Despite the grotesque and self-caricaturing hostility to free speech that infects many college campuses today, I’m confident that people such as Joe Stiglitz, Richard Thaler, Robert Frank, and Cass Sunstein would not find that imperfections in press reports and in people’s speech give rise to a case for government superintendence of, and meddling with, the press and with speech.  If my confidence is justified, why do these scholars – and many others like them – leap from the uninteresting and utterly unsurprising discovery that real-world markets are not textbook perfect to the conclusion that, therefore, government must nudge, dictate, prohibit, tax, subsidize, or otherwise intervene into real-world markets in alleged efforts to move such markets closer to ‘perfection’?
The above originally appeared at Cafe Hayek.


  1. Milton Friedman said that 'free enterprise' had two major opponents. The first was businessmen. They wanted free enterprise for everyone else but socialism (i.e. a government protection or intervention) for themselves. The other foe were "intellectuals". They want socialism for everyone else but "free enterprise" for themselves (i.e. no restrictions on their free speech.)

    Friedman's dictum actually seems a bit obsolete. A growing faction of intellectuals apparently want socialism over intellectual and academic speech (safe spaces, deplatforming, web censorship.etc)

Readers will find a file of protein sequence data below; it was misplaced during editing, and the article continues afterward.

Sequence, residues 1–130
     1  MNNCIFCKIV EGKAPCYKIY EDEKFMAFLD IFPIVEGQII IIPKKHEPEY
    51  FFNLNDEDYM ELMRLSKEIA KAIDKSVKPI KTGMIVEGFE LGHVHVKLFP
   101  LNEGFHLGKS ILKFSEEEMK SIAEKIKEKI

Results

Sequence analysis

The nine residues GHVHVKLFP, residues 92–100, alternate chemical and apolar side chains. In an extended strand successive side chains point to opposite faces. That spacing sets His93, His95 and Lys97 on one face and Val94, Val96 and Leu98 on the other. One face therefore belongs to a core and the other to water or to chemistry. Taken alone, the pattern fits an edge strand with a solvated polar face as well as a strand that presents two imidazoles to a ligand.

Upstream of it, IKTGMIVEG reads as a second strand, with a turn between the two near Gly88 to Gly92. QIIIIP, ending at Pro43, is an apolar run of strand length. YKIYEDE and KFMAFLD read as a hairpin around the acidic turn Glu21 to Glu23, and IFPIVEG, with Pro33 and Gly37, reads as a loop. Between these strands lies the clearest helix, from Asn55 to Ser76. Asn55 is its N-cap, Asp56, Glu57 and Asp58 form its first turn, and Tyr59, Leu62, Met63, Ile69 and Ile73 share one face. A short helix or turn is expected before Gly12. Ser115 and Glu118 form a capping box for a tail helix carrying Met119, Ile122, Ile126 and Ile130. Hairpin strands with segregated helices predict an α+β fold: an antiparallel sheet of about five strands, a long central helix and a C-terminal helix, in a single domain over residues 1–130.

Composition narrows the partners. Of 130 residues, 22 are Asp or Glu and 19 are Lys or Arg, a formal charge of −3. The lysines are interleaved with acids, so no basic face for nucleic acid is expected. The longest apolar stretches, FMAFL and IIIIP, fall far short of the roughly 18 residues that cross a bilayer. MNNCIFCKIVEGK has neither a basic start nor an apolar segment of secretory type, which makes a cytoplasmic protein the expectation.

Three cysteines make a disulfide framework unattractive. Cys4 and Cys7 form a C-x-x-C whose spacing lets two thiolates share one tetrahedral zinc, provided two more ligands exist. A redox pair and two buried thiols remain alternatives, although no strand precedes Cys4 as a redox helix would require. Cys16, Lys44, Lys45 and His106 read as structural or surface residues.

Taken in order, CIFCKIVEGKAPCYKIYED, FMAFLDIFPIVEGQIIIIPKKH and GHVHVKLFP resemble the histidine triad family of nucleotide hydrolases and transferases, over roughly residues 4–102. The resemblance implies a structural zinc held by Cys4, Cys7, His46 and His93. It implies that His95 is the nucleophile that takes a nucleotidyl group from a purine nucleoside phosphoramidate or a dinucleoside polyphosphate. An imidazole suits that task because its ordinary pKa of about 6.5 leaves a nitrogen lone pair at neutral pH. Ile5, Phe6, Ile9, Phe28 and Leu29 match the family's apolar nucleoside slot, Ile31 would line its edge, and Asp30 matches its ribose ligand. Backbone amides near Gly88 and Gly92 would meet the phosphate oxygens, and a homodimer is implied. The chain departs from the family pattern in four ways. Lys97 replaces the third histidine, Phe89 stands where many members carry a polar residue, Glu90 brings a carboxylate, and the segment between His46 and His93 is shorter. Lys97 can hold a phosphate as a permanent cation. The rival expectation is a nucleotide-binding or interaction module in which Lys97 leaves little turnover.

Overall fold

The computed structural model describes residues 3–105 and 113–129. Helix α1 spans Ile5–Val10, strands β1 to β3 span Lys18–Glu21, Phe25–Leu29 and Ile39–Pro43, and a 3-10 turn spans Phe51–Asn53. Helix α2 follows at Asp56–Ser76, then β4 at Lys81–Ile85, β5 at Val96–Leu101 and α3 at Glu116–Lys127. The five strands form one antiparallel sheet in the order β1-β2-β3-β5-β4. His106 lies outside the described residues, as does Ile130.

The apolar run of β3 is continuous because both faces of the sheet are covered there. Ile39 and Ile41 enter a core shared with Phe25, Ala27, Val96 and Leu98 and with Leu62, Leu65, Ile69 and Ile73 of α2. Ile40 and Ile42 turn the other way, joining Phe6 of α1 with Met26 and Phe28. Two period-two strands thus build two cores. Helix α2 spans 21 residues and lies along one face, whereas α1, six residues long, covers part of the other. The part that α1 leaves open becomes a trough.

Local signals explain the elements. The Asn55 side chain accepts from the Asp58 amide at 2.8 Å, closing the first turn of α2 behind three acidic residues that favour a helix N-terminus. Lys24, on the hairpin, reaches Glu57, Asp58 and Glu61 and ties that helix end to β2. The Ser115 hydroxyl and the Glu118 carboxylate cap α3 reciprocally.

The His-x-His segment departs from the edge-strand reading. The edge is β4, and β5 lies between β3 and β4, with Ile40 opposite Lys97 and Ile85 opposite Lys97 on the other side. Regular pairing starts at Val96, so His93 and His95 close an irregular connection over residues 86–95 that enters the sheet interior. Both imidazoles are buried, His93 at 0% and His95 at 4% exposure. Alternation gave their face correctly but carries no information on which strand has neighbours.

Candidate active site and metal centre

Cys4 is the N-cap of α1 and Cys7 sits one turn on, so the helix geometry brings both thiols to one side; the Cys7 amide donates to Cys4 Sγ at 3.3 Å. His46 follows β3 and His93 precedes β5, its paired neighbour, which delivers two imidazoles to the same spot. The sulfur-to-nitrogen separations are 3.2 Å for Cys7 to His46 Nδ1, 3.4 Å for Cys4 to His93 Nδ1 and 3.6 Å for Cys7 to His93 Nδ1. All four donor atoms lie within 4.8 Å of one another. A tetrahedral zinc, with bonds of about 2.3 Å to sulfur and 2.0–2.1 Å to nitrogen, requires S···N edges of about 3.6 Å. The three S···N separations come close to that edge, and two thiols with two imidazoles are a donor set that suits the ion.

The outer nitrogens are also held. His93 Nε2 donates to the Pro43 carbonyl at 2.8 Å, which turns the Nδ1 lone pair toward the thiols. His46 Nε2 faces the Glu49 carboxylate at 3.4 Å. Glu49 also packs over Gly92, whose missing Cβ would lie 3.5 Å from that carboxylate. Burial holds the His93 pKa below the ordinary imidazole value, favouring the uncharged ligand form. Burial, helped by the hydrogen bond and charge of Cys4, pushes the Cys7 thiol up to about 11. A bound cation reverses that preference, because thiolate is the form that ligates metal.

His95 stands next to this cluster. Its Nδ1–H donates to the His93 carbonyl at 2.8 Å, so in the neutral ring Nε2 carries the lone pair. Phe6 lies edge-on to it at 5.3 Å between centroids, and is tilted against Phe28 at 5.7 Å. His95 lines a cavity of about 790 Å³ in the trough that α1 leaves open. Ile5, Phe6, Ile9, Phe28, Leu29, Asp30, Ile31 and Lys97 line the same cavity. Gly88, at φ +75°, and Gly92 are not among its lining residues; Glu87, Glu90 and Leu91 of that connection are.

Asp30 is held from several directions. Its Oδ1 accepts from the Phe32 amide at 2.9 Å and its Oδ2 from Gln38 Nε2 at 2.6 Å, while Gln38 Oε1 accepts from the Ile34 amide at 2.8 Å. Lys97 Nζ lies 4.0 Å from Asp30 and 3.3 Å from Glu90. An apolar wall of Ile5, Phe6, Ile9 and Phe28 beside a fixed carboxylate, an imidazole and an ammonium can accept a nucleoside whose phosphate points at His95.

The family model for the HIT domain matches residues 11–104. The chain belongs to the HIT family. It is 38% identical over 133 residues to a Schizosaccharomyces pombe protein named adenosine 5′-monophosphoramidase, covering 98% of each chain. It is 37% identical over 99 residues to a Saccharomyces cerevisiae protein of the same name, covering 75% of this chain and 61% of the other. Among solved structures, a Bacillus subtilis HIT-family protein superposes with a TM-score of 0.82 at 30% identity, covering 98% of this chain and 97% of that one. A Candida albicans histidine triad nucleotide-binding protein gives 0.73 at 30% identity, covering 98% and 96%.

At the same time "political freedom" (ie freedom to organise, rally, campaign for office) is regarded as a higher good than mere "economic freedom". Yet economic freedom plainly benefits more ordinary people more directly than political freedom - although the two are coupled.

    Maybe this is a clue to the question Robert raises.

    In classical Greece and Rome, traders merchants and mechanics were looked down on. Thinkers and Philosophers were on a higher plane and were not supposed to soil their hands with actual toil or barter. This prejudice informed the classical view of slavery which saw a natural born class of slaves as essentially so that civilised gentlemen scholars could rule.

    This is perhaps the oldest intelligence prejudice of the lot. At least in the west. It still runs about today. Intellectuals are not so blunt as to advocate a slave class today but they still need one. Hence to unequal treatment of "political freedom" versus mere "economic freedom".

  2. Robert,

    Here's the link to McCloskey's article in Reason:

  3. I figured out in 1973 at age 22 that "progressives" were obsessed with bossing people around. Without that insight, I probably would not have been open to Rothbard's ideas.

    IMHO, this why "progressives" and statist in general cannot fathom the "socialist calculation problem" or its modified cousin which examines how funny money and funny money loans distort the pricing process, the ABCT. The solution to the problems that exist is for the fuss-budgets to just leave average people alone so they can go about freely exchanging and producing honest pricing with sound money. However, THERE IS NO ROLE WHATSOEVER IN THIS PROCESS FOR THE "PROGRESSIVES" TO INSERT THEMSELVES, a situation they are not emotionally equipped to address. Thus, we have decades and decades where the "progressives" (of all parties) cannot and have not ever engaged basic Austrian School analysis.